Officials in Te Tai Tokerau in Northland are scrambling to prepare for the rise of Omicron.
The region has the lowest vaccination rate so an explosion of the new, more infectious variant, could be disastrous.
"It is a case of when not if," Prime Minister Jacinda Ardern warns.
It almost feels like waiting for a tidal wave to hit. In Te Tai Tokerau, they know Omicron is coming, like it or not.
"When it does go, which it's gonna, it's going to be full-on soon. I think we're going to have to stay at home and just get someone to come in and do our shopping," Rawene resident Derek Heke says.
Heke lost his car wrecking business to COVID, he's determined it won't take his whanau. For many unvaccinated people, like him, Omicron presents a dilemma.
"What I hear online and that you know, I sort of get scared. But then again you think well I gotta look after my kids you know," Heke says.
The Northland region sits at 86 percent double-dosed, the lowest in Aotearoa. But in some communities rates are even lower. Kaikohe is 73 percent, Kaeo 71 percent, and Peria near Kaitaia 67 percent.
As of late this week 68 percent of eligible Northlanders had been boosted.
"I'm concerned about the low uptake of the boosters and if that doesn't change you could see the health system in Northland being overwhelmed," public health expert Professor Colin Tukuitonga says.
Dr Tukuitonga isn't the only one worried.
But in the North health officials want you to know, they're not sitting on their hands.
"We've been working on this for months and months. Since the Delta outbreak we've all been working extra hours every day," Northland DHB clinical lead Sarah Clarke says.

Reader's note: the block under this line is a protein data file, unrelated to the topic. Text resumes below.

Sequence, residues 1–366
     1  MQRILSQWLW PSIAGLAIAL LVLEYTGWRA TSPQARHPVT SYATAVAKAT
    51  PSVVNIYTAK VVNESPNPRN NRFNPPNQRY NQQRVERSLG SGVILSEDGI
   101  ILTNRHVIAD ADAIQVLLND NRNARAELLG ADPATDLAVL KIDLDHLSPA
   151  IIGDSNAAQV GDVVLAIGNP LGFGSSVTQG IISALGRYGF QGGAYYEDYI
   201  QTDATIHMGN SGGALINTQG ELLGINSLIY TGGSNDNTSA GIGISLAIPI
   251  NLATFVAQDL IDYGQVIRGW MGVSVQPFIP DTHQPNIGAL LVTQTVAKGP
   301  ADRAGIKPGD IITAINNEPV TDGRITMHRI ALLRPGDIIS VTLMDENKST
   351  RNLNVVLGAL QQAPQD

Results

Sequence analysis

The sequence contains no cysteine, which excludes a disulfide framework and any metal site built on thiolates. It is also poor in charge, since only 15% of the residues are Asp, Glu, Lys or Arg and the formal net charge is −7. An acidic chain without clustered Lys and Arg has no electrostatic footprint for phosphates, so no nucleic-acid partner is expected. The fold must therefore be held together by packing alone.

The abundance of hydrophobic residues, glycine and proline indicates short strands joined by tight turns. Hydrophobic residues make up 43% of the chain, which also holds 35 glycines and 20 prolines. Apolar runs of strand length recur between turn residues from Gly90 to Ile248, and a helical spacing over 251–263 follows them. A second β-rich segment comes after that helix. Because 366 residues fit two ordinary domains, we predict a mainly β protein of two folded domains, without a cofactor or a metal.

In an unassuming brick home Northland's COVID response is gearing up.
Ministry of Social Development in one room. Health, Police, Oranga Tamaraki in others, every agency needs to be on the same page.
But despite the hospital over the road having only ten ICU beds, alarm bells aren't ringing yet.
"I don't think we're worried about being overwhelmed per SE because one part of the system can come and help another part of the system and being quite rural it's likely our Omicron isn't going to hit everywhere at the same time," Dr Clarke says.
And when it does hit a call centre is being staffed, connecting patients with help. Down the road camper-vans are lined up for large families who need to be isolated. But Northland does have some unique challenges.
Northland has one of the country's largest Māori populations, more than 50,000. But only around 80 percent have been double-vaxxed. That presents a challenge for Māori health providers.
"There isn't that sense of urgency and it just takes a walk down the street to see that relaxed attitude," Te Hau Ora O Ngāpuhi's Mane Tahere says.
Attitudes Newshub found at times reject COVID-19 altogether.
"It's all a big lie. That's my view. It has already been proven the vaccine doesn't work," one man says.
This is the fight facing iwi, but they're getting on with it. At marae, cupboards are stocked with gowns, face-shields and oxygen readers.
Down the road five paddocks are growing kai to provide for families when they have to isolate.
It's about taking care of their own - by Māori for Māori.
"We're starting to look at the aunty who lives next to the marae, the uncle who does the grave-digging," Tahere says.
Northland's battle with Omicron isn't in full flight just yet. But when it is, the question will be "have they done enough?"
Derek Heke has decided he won't be taking any chances.
"Next two days bro... I think I'm going to get vaccinated," he says.
The growing threat making people like Heke focus hard on that decision.